The majority of poor households in the United States are food secure which is both surprising and not well-understood. We increase our understanding by looking at a particularly vulnerable group—people visiting food pantries—through the use of the Hunger in America (HIA) 2014 data set. Along with providing information on households often overlooked in other data sets, HIA has a wide array of questions. We find, in comparison to food secure households, that food insecure households are more likely to have challenges paying their bills and are more likely to use coping mechanisms. These effects are large, especially when compared to the standard set of explanatory variables. We also find that the impact of the standard set of covariates change dramatically when we include variables that are often unobserved, suggesting that there may be biases in some of the central findings on the determinants of the food insecurity.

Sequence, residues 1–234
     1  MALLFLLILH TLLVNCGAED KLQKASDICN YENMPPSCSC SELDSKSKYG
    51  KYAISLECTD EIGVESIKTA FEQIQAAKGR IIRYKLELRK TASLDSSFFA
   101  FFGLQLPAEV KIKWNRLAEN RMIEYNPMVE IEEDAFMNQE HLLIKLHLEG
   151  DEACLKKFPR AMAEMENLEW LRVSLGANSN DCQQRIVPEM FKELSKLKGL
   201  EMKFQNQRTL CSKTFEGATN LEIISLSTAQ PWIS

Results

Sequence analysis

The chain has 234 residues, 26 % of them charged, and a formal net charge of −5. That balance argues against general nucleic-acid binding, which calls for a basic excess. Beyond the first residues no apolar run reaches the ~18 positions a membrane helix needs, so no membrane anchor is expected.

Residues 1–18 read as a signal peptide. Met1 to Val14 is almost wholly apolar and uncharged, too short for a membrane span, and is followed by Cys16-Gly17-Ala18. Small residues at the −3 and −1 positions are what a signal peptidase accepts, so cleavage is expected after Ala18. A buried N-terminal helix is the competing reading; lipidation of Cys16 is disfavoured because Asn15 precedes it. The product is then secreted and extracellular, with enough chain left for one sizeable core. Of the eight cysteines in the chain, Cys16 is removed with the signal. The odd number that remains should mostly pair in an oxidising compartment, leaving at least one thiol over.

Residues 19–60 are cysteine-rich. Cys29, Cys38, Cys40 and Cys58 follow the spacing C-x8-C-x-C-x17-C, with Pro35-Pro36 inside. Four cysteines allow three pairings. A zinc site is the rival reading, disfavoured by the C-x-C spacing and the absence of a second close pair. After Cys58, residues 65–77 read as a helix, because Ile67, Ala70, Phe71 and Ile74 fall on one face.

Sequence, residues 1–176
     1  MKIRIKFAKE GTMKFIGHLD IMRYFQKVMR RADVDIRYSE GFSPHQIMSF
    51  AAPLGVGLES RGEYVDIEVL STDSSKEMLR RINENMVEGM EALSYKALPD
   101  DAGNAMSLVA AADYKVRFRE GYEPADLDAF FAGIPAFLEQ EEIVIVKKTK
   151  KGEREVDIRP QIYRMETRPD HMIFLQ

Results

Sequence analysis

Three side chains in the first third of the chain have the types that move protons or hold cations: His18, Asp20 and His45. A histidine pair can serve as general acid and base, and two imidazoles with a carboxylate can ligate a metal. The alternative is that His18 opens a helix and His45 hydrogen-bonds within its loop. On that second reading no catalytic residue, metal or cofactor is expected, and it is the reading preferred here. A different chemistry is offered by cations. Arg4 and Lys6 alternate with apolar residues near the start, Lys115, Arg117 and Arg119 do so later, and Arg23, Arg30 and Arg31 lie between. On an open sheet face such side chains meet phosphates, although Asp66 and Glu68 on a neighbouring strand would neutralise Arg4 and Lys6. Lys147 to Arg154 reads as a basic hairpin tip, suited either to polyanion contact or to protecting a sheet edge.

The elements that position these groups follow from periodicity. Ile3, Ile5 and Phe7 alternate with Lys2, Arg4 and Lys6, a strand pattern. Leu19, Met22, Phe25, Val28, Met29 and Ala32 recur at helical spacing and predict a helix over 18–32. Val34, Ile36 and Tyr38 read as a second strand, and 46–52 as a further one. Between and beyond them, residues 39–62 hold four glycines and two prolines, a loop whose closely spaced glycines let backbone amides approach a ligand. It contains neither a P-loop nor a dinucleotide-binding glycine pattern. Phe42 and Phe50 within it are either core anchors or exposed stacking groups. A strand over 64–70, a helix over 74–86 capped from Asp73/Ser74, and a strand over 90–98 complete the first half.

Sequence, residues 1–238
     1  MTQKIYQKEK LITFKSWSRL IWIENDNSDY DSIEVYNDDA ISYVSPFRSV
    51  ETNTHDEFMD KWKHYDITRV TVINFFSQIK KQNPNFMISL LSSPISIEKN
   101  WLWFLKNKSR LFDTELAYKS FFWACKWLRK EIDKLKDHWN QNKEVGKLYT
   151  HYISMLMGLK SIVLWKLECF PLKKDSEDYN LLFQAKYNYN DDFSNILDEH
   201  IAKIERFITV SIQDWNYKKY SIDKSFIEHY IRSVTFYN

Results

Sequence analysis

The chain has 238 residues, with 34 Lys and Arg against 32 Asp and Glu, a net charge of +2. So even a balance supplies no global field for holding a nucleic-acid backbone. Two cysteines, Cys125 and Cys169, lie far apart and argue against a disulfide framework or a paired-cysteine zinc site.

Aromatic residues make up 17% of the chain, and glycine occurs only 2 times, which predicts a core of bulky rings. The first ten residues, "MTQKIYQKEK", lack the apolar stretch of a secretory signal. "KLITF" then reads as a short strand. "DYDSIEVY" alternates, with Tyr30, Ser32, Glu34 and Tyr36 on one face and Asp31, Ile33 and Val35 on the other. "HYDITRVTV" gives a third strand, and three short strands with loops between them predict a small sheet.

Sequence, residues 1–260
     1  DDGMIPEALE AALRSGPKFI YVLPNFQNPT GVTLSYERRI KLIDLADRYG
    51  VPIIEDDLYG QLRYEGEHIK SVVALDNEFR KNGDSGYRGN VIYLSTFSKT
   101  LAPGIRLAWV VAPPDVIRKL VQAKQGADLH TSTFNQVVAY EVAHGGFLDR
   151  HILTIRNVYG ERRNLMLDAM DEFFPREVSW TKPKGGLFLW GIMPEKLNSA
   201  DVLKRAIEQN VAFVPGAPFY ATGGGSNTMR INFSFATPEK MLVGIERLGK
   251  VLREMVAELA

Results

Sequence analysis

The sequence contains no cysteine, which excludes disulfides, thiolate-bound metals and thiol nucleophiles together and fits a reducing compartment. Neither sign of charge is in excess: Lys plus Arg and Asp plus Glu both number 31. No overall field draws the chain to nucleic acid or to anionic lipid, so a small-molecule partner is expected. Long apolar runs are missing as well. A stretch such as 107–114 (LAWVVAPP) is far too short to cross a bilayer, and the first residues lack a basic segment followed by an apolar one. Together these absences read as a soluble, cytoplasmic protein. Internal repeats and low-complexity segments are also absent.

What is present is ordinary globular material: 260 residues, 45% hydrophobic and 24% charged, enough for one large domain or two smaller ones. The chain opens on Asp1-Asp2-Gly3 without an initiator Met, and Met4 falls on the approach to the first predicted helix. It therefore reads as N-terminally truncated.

ASJC Scopus subject areas
- Sociology and Political Science
- Economics, Econometrics and Finance(all)